We somehow know that there must be more to this aspect of our humanity. And it is here that Mehl ties the ultimate meaning of sex into the ultimate meaning of marriage—to serve as a picture of a greater reality. Tracking with John Piper, he says “God created Adam and Eve as sexual beings so that they might understand his love more completely. Their sexual desire for each other—the thrill they experienced as they beheld and explored each other’s bodies, the way their bodies were designed to restore the ‘one flesh’ union from which they were created—was all part of God’s plan to reveal the nature and the power of his love for us. In short, sex is about God.” Which makes sense, because ultimately everything God created is about God. Here’s the connection:

If marriage was designed to be a picture of Christ and the church, sex was designed to be one key aspect of that analogy. As we’ve discussed, God created sex to be a means of covenantal marital union, a means of mutual marital pleasure, and an expression of the multifaceted dynamics of marital love. If sex essentially manifests and expresses the marital relationship, then we must conclude that sex was also created to reflect Christ and the church. Sex reveals something powerful about the nature of our relationship with God, and in light of the New Testament, we are able to see it even more clearly than those who came before Jesus.

So in its own way, sex is a shadow of a greater truth and is meant to point beyond the act itself to the Creator of the act and beyond even the significance of the act to the transcendent truth behind it—the truth that we are loved by God and united to him through Christ. Marriage is a picture and sex is a picture within the picture.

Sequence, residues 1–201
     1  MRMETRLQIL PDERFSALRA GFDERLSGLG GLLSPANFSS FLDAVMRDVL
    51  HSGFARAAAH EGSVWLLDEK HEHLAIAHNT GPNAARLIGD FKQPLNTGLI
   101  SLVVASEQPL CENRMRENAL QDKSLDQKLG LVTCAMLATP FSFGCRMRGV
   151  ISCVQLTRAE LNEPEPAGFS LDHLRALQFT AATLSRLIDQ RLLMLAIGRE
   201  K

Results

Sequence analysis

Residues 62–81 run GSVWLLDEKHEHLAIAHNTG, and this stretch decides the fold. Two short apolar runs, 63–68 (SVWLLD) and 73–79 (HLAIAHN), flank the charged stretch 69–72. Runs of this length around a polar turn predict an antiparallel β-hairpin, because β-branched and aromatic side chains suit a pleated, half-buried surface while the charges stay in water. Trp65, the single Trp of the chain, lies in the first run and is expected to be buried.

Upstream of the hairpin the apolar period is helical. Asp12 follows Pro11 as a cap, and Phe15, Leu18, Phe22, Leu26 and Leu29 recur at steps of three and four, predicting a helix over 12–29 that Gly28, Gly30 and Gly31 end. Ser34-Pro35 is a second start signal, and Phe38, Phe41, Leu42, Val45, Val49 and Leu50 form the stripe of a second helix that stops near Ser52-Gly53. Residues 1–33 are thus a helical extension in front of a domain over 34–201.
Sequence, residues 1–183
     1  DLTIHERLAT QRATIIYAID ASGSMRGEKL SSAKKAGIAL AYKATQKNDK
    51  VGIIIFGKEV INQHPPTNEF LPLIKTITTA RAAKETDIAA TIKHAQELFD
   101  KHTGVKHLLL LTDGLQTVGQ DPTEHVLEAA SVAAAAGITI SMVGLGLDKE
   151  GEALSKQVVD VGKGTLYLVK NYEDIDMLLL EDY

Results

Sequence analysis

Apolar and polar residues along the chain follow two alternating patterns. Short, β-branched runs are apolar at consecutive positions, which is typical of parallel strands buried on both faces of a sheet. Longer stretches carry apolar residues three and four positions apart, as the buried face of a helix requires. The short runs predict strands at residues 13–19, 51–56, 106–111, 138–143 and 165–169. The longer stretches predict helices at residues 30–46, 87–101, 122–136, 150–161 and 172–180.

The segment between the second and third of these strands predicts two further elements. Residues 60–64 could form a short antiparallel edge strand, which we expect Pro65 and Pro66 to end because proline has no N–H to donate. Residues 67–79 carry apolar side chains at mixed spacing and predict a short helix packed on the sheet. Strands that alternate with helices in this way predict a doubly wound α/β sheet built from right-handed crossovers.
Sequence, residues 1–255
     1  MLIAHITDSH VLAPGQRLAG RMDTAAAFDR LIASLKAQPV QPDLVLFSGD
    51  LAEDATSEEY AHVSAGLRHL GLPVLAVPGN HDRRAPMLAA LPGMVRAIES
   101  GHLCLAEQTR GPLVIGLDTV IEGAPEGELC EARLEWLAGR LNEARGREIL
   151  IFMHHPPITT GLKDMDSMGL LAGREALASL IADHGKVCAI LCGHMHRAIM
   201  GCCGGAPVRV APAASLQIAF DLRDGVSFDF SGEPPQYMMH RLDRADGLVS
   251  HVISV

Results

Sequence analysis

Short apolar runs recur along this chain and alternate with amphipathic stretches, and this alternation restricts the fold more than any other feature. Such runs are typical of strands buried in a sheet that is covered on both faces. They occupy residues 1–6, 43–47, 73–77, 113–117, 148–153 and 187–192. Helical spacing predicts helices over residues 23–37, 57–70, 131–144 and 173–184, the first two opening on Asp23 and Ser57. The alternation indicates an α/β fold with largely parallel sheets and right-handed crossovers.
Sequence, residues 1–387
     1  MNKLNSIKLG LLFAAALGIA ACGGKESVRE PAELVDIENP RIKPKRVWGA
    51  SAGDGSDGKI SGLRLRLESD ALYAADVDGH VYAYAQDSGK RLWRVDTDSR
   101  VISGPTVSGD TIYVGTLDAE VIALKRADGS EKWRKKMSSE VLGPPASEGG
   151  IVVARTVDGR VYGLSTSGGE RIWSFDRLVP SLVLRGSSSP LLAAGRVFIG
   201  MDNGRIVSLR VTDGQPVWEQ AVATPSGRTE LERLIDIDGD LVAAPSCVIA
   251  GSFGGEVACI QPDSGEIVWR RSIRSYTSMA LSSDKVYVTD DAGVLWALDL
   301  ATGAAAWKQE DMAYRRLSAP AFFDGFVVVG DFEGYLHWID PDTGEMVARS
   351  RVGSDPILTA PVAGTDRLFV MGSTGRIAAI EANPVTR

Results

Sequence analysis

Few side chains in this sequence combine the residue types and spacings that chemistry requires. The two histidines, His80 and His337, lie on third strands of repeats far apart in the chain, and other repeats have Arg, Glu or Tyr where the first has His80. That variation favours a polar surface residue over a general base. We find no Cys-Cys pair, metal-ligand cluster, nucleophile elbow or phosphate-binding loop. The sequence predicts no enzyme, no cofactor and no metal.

With all of these building blocks in place, Mehl discusses sex in a fallen world and the many ways in which it is used to harm instead of to bless as well as the many ways in which it no longer functions as it was designed.

If marriage was designed to be a picture of Christ and the church, sex was designed to be one key aspect of that analogy.

Scott Mehl

The second half of the book is more practical in nature and is shaped by 12 principles meant to guide you into a deeper understanding of sex, especially as you practice it with your spouse. Mehl says rightly that too many books on sex are essentially voyeuristic, inviting you to imitate another husband and wife. So rather than being exhibitionistic and crass, his principles remain dignified and appropriate. “You can’t grow in your sexual relationship with your spouse by studying the specifics of someone else’s sex life or the suggestions developed by experts. You can’t find the way forward by studying other people’s relationships. To find the way forward in your sexual relationship, you need to become a student of your spouse.” Indeed.

Redeeming Sex in Marriage is a book that really does answer many big and important questions and it does so well. I am thankful I read it and thankful that I can now recommend it as a resource for others to read, enjoy, and learn from.